Her Name was Maggie and She was my Nurse

Her name was Maggie and I remember her being stout with short, tight curly black hair.  As far as I know, she was my nurse and protector while I was in St. Vincent Hospital in Green Bay for 3 months with a burned leg.  The only photo I have of her is on the day of my discharge as she stood watch while I was being wheeled out of the hospital.  I remember her always being there with me, reading to me, patting my head gently, crying soft tears when I was in pain.  As with all thing from the era of the burned leg, I’m not sure if this is my real memory or a created memory, so I’ve made a couple efforts to seek her out.

When I was 18 — 15 years after my accident — I went back to St. Vincent Hospital to visit my friend John.  John was the quarterback of the high school football team senior year.  He took a bad hit and punctured a lung during a game.  We’d been friends since first grade.  After school one day, I walked over to the hospital to visit.  When the elevator opened on the pediatric ward and I walked up to the nurse’s station to double-check the room number, she ran out from behind the desk and gave me a massive bear hug.  I wasn’t sure who she was or why she held me so tightly.  “You’ve come back Annie, you’re back,” she said, shaking me so hard it almost hurt.  “It’s me, it’s Maggie.”    

How she could have recognized me 15 years later has always been a mystery to me, though I was sporting my St. Joseph’s Academy blue shirt and knee highs, so she could have seen my burns peeking out.  But I knew that wasn’t it.  When you spend every day with someone for three intense months, you never forget and she didn’t.

Trying to find her today is a lot more art than science.  I called the hospital and they can’t give out any information on current or former employees due to privacy/confidentiality laws.  I don’t even know her last name.  She may not be alive.  I thought about taking out an ad in the local Green Bay newspaper but am not sure that would bear fruit — what would I say exactly?

My best shot right now is my high school friend Peggy who offered to help.  Her mom worked at St. Vincent’s for many years, though her memory isn’t what it used to be.  Peg’s going to ask her mom if she remembers the nurse named Maggie.

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Silly Good Writing

St. Joseph Academy Green bay WI picture

When I think of writing, stories always filled my pen.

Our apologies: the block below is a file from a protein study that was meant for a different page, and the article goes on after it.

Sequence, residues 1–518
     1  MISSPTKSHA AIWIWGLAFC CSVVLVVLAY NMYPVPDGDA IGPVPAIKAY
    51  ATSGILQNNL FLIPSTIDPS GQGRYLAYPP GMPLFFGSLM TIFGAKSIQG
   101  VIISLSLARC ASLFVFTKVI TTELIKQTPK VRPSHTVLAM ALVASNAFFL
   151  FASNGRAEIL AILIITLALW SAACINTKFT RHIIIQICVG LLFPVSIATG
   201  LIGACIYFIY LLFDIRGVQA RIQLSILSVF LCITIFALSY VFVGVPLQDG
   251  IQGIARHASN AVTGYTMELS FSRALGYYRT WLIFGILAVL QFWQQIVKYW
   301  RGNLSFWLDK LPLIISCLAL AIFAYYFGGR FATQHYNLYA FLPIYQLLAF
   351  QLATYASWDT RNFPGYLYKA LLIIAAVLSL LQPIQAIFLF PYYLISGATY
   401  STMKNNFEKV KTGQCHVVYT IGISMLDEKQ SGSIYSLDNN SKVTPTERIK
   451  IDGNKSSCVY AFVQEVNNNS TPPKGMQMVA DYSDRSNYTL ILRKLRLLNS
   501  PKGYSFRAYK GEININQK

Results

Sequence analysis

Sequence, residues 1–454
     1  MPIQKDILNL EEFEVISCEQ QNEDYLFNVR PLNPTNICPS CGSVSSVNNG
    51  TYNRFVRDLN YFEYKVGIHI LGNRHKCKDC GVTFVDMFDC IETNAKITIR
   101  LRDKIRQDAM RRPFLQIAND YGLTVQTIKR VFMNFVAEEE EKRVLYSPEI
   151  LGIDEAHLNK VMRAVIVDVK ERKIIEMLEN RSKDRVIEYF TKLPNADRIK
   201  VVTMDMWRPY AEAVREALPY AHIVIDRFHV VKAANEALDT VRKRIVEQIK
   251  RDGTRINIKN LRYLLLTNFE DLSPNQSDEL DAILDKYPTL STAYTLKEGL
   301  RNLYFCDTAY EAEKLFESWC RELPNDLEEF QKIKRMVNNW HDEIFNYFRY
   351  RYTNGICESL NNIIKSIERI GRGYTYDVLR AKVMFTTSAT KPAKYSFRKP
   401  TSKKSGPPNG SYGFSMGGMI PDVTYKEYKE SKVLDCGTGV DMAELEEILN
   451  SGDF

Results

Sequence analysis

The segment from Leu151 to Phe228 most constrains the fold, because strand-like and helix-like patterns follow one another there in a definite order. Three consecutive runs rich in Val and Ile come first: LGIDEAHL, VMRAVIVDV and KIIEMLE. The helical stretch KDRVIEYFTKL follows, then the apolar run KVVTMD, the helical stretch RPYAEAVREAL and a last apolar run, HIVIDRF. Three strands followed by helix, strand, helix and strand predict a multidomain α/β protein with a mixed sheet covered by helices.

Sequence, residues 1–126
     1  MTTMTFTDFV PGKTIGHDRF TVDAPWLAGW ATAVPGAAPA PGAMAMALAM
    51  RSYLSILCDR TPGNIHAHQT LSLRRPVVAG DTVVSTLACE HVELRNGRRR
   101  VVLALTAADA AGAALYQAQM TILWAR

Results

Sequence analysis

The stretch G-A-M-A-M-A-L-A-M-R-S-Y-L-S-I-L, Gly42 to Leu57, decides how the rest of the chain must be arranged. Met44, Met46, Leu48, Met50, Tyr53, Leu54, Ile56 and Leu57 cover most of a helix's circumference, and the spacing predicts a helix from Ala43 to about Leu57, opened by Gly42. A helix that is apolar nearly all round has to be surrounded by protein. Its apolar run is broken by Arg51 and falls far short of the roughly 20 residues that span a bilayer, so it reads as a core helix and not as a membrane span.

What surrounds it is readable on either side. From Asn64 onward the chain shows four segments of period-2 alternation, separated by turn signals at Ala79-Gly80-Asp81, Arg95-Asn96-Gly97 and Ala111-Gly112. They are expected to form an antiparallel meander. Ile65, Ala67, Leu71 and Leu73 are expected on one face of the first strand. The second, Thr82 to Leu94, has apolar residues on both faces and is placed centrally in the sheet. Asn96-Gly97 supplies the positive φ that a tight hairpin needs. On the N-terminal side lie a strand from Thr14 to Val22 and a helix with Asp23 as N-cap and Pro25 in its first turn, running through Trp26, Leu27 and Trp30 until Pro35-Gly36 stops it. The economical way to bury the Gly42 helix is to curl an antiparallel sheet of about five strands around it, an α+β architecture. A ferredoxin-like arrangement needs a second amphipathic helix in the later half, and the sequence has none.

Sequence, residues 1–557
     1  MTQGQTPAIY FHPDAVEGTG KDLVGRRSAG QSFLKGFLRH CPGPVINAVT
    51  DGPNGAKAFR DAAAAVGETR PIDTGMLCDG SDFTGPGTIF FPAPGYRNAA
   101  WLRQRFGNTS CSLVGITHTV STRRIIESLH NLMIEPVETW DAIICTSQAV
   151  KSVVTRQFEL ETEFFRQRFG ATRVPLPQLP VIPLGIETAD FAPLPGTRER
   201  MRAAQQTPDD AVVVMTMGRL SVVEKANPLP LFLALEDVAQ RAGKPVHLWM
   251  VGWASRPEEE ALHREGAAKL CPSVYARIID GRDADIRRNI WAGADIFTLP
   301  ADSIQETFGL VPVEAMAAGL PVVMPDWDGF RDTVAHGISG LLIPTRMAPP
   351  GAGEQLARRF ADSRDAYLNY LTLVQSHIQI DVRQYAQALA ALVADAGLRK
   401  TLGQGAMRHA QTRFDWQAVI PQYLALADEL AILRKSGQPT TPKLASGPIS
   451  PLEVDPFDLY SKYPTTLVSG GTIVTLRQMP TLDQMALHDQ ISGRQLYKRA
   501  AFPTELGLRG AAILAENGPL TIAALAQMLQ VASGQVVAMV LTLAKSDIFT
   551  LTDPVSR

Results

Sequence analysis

By 5th grade, my teacher Mrs. Brunmeier told me my stories were too avant garde for class distribution.  In 8th grade, I wrote the definitive, imaginative story of our class in a final report format.  In high school, I became the editor of the paper and won a first-place award in the Wisconsin Newspaper Association’s contest for writing, an expose of the National Honor Society.  And the list goes on.

But the stories I remember best were the ones I wrote with my friend Donna. 

As high school students at all-girls St. Joseph’s Academy (now Notre Dame Academy in Green Bay, www.notredameacademy.com), we yearned for life experiences yet to come.  We dreamed of prom dates and life successes far into the future. We wondered about the diminishing quantity of nuns who taught us and what would happen to their order, the Sisters of St. Joseph of Carondelet, as more lay teachers entered the fray.  We imagined life in big cities and created imaginary all-knowing and all-powerful alter-egos while suffering through the realities of study hall.

For all those things that didn’t yet exist, we’d pen hand-written stories instead of dissecting frogs in biology class to make these lofty dreams come true.  Of course, we’d write each other as main characters and every wish, however small, would come true.  Oh, there would be conflict but ultimately we’d emerge the victors. 

 When Donna had a crush on J, I created a lengthy narrative for her full-bodied hair flowing in the wind, her wily charms on fire, and her witticisms dazzling a high school party crowd.  J could only hope but to fall prey to her charms.  Twenty pages later, Donna would have her man. 

A week later she’d hold the pen, my success held in limbo by her imagination.  Would I crush an opponent or merely lob an ace every serve in a tennis game?  It mattered not.  We would persevere and win.  We’d howl in delight, knowing we’d always be the heroines of our own stories.

Donna moved to New York.  I moved to Chicago.  When I’d least expect it, a hand-written note would appear in my mail, continuing my high school story line.  No explanation needed.  It spurred me to continue her tale, jetting her from country to country, adventure to adventure. 

When I found an old letter buried in a tangle of papers the other day, I quickly picked up my pen ready to resume the quest.  Donna died of colon cancer several years back.   Silly good writing had put her in a multi-million dollar home, lavished her with furs and jewels, and made her insanely happy.  She would have been pleased.